I like to create a diet of "layers". I touched on this a bit with the olive oil tip. The oil allowed us to add calories (and then later remove them if necessary) in a simple manner without dramatically altering the rest of the diet. This concept can be applied to just about any component of the overall plan.
Let's look at a "breakfast" shake for example containing whey protein and oats. A person desiring to add muscle who needs an abundance of calories could make the shake with say, 3 scoops of whey, one cup of dry oats, and whole milk. To this they could go on to add either olive oil (1 to 4 TBSP) or peanut butter (2-4 TBSP). Both would add substantial calories to the mix. The same person however could make the shake in water with just the oats and whey as well. The macronutrients would remain the same (in terms of the intended protein and carbohydrates) but the calories would be much lower (with the understanding that the whole milk, oil, and/or peanut butter are being used to add calories, not for their macro values). This idea, maintaining high protein with adequate carbs and fats is crucial to a successful diet when one is looking to shed some fat. Beef is swapped for chicken or fish, whole milk for crystal light, etc. Calories come down, macros stay where they need to be. This is why fat women eating one hundred calorie packs and rice cakes have such shitty diet results, their only concern is dropping calories at all costs.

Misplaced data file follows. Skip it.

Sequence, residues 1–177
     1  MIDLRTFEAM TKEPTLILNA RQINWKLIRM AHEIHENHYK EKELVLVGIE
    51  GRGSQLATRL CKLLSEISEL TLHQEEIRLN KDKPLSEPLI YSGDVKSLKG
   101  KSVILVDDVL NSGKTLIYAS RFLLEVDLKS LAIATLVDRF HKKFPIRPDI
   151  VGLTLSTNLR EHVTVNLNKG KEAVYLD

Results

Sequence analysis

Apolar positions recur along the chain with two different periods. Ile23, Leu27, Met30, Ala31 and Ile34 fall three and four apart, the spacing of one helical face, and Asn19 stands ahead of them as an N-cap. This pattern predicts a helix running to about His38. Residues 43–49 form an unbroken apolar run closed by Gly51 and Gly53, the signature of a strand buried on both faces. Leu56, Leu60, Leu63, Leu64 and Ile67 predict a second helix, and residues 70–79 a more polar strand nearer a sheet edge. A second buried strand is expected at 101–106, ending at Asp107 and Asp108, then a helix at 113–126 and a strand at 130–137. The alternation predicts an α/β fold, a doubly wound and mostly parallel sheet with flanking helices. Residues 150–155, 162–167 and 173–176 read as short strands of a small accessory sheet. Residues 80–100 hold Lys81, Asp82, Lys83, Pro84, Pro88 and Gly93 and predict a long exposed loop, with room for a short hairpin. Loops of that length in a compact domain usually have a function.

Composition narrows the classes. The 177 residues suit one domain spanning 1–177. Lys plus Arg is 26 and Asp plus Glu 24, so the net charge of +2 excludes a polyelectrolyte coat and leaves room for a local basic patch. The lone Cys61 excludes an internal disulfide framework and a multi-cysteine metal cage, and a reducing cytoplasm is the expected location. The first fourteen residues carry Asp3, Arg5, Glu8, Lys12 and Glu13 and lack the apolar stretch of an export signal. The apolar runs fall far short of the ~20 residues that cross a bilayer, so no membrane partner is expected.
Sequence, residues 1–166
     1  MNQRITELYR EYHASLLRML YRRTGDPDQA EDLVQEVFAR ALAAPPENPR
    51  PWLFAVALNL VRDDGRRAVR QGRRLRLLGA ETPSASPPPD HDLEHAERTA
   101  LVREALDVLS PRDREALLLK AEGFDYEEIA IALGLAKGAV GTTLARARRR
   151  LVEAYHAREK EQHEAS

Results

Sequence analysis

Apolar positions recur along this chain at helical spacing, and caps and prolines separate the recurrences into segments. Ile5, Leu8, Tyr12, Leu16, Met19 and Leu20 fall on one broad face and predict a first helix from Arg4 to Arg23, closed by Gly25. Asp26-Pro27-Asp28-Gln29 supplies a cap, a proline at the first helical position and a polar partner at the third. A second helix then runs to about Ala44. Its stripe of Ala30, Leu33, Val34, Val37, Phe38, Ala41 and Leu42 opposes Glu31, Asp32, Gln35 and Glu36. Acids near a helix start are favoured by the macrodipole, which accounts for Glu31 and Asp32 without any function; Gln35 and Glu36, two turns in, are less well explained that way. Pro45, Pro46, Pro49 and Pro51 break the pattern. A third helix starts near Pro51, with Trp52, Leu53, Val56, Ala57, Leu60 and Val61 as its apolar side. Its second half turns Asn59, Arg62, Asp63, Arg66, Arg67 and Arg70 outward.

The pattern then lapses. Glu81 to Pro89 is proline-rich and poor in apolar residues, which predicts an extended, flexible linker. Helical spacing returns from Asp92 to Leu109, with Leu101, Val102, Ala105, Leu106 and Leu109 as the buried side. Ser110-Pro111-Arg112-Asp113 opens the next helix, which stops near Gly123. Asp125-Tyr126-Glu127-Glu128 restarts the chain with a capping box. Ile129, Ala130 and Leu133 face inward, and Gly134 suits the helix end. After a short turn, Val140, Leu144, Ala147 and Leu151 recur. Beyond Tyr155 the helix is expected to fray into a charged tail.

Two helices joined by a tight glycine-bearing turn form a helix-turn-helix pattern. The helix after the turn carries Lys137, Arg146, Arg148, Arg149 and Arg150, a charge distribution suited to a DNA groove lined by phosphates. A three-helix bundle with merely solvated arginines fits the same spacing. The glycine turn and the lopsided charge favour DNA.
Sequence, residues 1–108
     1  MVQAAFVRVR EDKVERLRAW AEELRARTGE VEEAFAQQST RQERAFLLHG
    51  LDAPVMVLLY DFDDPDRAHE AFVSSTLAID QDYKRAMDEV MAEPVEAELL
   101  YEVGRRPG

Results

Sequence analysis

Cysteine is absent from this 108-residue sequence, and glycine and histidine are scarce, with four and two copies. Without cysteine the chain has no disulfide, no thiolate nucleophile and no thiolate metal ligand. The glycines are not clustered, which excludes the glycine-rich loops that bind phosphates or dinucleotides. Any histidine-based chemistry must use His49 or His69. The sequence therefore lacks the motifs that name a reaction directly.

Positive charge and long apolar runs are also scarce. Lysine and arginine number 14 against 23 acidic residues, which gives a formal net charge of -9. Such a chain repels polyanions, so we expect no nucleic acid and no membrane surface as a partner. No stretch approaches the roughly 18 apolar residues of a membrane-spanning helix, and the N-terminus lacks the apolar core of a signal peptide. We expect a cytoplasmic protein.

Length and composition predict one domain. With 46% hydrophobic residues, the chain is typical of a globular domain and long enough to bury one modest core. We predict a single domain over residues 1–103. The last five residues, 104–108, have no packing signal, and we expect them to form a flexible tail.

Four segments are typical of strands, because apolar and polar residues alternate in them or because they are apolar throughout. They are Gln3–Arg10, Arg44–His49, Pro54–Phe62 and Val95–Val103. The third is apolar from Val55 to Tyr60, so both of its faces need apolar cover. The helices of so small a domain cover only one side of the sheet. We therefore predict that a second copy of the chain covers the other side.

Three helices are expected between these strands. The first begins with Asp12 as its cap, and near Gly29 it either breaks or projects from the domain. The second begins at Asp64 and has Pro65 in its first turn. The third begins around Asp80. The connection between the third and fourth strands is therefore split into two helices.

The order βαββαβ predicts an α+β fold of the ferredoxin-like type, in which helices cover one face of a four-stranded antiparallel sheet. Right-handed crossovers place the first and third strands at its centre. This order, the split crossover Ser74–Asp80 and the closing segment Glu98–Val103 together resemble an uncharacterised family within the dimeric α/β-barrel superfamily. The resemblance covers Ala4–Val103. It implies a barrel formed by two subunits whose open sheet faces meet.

Establish a baseline, starting with the protein grams. Make sure carbs are present and adequate (though biased towards earlier meals) and add calories as needed in layers. When you want to come down, start by removing one layer. Repeat this process until you reach your goal.
"I don't want to achieve immortality through my work... I want to achieve it through not dying."
Interesting Fact: Almost is the longest English word where the letters all appear in alphabetical order.
Word of the Day: atrabilious